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Lecture 16

Thursday, Nov 6/2012 - Lecture 16

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University of Guelph
PSYC 2650
Dan Meegan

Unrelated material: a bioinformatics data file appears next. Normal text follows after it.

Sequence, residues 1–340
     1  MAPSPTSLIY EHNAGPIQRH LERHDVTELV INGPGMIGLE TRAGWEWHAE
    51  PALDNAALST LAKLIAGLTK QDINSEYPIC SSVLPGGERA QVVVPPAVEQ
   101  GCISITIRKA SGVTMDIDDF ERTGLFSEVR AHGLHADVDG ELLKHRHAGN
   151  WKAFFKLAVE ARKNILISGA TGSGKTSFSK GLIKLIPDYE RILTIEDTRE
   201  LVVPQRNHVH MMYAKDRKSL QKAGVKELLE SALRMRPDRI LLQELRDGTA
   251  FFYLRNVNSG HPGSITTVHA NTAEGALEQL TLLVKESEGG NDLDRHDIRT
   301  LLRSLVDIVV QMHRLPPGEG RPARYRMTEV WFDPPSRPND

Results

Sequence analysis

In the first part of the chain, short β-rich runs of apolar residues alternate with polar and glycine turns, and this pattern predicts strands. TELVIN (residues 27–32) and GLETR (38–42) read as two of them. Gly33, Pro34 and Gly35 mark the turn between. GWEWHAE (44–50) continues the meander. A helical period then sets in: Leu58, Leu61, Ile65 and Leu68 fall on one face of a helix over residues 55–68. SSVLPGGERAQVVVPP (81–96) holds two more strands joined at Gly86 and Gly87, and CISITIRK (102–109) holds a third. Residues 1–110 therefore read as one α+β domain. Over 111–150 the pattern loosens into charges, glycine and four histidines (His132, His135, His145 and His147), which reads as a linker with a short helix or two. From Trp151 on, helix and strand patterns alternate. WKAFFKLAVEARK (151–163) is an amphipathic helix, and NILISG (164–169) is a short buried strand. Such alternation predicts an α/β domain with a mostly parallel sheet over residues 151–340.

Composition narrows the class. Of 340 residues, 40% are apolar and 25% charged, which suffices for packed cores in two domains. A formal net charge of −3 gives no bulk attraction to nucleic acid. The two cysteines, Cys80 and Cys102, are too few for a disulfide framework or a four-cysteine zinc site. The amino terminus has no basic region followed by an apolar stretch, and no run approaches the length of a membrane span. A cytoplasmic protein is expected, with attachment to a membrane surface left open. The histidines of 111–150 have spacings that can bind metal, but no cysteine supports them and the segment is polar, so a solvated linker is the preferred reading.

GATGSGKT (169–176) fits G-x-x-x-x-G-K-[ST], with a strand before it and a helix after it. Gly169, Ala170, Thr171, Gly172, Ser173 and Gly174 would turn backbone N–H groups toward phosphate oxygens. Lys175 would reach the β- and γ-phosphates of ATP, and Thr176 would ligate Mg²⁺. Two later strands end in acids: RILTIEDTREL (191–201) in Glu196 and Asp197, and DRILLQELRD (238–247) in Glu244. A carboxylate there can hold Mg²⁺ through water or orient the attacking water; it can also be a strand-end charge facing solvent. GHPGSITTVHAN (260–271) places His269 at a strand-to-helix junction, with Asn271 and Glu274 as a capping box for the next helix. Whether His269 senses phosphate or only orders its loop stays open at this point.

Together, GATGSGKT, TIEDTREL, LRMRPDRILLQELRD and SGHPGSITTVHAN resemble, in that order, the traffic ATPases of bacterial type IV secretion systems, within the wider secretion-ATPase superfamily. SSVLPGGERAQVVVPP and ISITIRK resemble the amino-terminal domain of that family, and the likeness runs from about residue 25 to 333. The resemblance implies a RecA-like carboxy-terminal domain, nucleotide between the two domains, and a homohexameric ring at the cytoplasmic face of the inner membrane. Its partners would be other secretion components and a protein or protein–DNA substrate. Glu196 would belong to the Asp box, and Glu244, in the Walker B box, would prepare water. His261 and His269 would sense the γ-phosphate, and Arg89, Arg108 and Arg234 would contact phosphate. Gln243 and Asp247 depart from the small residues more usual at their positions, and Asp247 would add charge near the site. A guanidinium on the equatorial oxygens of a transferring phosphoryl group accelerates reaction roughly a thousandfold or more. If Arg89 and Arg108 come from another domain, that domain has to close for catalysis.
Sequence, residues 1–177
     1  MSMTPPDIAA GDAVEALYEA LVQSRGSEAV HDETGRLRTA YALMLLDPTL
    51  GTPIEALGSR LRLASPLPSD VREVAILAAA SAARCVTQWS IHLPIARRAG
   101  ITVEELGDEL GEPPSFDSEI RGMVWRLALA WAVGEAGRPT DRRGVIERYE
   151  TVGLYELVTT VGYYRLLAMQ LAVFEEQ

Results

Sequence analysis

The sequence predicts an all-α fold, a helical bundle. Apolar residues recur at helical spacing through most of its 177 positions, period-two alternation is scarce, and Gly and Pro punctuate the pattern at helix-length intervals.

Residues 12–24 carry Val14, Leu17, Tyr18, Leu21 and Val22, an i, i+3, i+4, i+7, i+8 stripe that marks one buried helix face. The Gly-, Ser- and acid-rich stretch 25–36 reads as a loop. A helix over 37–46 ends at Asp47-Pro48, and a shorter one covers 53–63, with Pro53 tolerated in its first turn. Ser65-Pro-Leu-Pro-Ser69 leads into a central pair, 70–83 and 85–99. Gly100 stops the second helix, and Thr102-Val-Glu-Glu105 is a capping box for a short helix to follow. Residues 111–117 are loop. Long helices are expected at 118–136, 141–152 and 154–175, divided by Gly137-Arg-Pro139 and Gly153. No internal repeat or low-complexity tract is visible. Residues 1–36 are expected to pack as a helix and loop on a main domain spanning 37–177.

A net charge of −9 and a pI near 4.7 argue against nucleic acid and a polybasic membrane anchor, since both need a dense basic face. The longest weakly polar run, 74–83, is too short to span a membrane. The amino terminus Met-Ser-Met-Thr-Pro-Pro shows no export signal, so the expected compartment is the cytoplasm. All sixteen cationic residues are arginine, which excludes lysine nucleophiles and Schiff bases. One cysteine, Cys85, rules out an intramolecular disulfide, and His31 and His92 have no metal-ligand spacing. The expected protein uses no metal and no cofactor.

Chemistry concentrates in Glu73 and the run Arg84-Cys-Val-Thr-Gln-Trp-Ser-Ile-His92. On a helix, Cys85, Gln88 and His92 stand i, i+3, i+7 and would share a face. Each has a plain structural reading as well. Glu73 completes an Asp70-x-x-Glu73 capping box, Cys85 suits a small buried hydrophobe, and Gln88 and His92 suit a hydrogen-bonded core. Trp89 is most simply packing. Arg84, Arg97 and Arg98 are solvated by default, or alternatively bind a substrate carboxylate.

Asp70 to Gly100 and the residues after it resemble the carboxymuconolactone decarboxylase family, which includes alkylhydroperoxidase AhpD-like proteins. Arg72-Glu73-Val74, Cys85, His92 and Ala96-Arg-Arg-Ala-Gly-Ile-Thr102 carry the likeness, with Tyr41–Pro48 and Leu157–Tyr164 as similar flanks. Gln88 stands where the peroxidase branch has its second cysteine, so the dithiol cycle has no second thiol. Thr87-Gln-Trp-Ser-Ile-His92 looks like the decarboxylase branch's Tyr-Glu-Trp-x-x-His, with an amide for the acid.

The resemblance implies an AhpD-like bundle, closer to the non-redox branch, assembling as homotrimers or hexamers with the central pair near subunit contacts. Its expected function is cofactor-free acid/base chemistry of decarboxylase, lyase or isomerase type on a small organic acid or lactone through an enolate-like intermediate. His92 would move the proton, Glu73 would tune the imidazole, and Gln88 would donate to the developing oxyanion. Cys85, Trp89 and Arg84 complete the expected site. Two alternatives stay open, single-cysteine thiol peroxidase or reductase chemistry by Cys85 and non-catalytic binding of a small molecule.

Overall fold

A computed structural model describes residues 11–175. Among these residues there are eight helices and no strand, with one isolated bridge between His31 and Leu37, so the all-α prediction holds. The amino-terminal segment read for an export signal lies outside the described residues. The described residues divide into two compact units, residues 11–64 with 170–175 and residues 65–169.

Tuesday, November 8/2012 PSYC 2650 Lecture 16 Start of Exam Material There is a desire by many cognitive psychologists (including John Jonides) to resolve the problem of ecological validity Lab 7 • Deadline soon • There are only 2 labs in this part of the course • Related to imagery • Review Lab 7 results next Thursday, November 15 Language • Of interest to many subdisciplines of psychology • Very important in research in education • What do linguists find interesting about language and how do they investigate it? • How do cognitive psychologists approach language? Some Questions asked by Cognitive Scientists • Is language a uniquely human ability? • What are the relative roles of nature and nurture in language development? ◦ Major topic in many areas of development, not just language ◦ Language development story is very fruitful because we know a lot about the roles of nature and nurture in language development (particularly nurture is important) • What is the relationship between language and thought? ◦ eg. Linguistic determinism • Many disciplines are interested in language ◦ Psychology ◦ Linguistics ◦ Computer Science ◦ Philosophy ◦ Psycholinguistics ◦ Neuropsychology • Previous to our generation, there was very little cross talk between disciplines about language ◦ There is now a lot more interrelation between the disciplines ◦ Particularly, students are very open to evaluating many theories of language and applying methods of value from many varying fields Linguistics • The major difference between linguistics and psycholinguistics is captured by the study of the structure of natural language rather than its everyday use • Some fields are very theoretical in orientation, and they approach problems from the perspective of “theoretcally, this is how it should be” • Psychology is on the practical side, asking not “what should people be doing” but rather “what are people doing?” • Linguistics is a theoretical field • Economics is also a theoretcial field • People are often systematic in our behaviour (though somewhat random) but not always systematically rational Psycholinguistics • The study of language behaviour • Everyday use of language does not always correspond to linguistic theory • Psycholinguistcs has something unique to bring to the table because everyday use of language does not always match linguistic theory Linguistic Competence vs. Performance • Competence: a person's abstract knowledge of a language ◦ The domain of linguistics • Performance: the actual application of that knowledge in speaking or listening ◦ The domain of psycholinguistics Debate • Does competence underlie performance? • Psychologists suggest no: making linguistic judgements has little to do with everyday language use ◦ If I asked you about the rules of English vs.Asking you to use language and inferring what you know based on how you've used the language History: Behaviourism • Empiricism/Nurture: our language abilities are learned (not innate) • Mental: Our language abilities are nothing but stimulus-response associations ◦ Red circle around mental with a slash through Criticisms of BehaviouristAccount of Language • Evidence for innate constraints on language (nature) • Chomsky (1959) • Skinner came out with an account of language that was behavioural and Chomsky criticised it ◦ Key point was evidence for language being innate ◦ If you look at all the world's language, what you find is that all the languages have something in common ◦ You can have 2 linguistic cultures that were never exposed to each other, but have similarities ◦ Current theory is that we have a genetic endowment to learn language, even though our experience determines which language we learn when we are young Relationship Between Language and Thought • Theories relevant (not all mutually exclusive) ◦ 1. “Thought” = Language ◦ 2. Language determines thought “Thought” = Language • According to this view there is no such thing as thought • How did behaviourism explain the subjective experience of thought? • Thought was considered “magic” because it was unobservable • Yet, thinking was a common occurence and everyone experiences is it even if behaviourists deny that thought can be studied • The answer to them was that thinking is a form of subvocal speech ◦ Speech is a vocal-motor phenomenon ◦ Thinking, then, is merely a speaking phenomenon without converting the thought to motor movements (ie. Out-loud speech) • Evidence for: ◦ Recordings of subvocal speech activity while subjects are engaged in thought ◦ Placed on muscles that are involved in speaking ◦ Record electrical activity that has not reached the threshold of movement ◦ Shows that when a person is thinking, there is below-threshold activity in the muscles that are normally involved in talking • Evidence against: ◦ People can still think when completely paralyzed ◦ Is this really evidence against? ▪ There is a lot of understanding now that there is a level of activation in the brain that plans vocalization even without activation of the muscles • Evidence for pre-motor planning before issuing commands to the muscles to speak? ▪ Memory for meaning rather than exactly what was said • If we were purely linguistic beings, then you would assume that what you would remember is the literal words that were spoken to you • However, when we remember, we do not remember the specific words but remember the semantic meaning behind the communication • Non-human animals seem to think ◦ Increasing comfort among individuals who study cognition that thinking is
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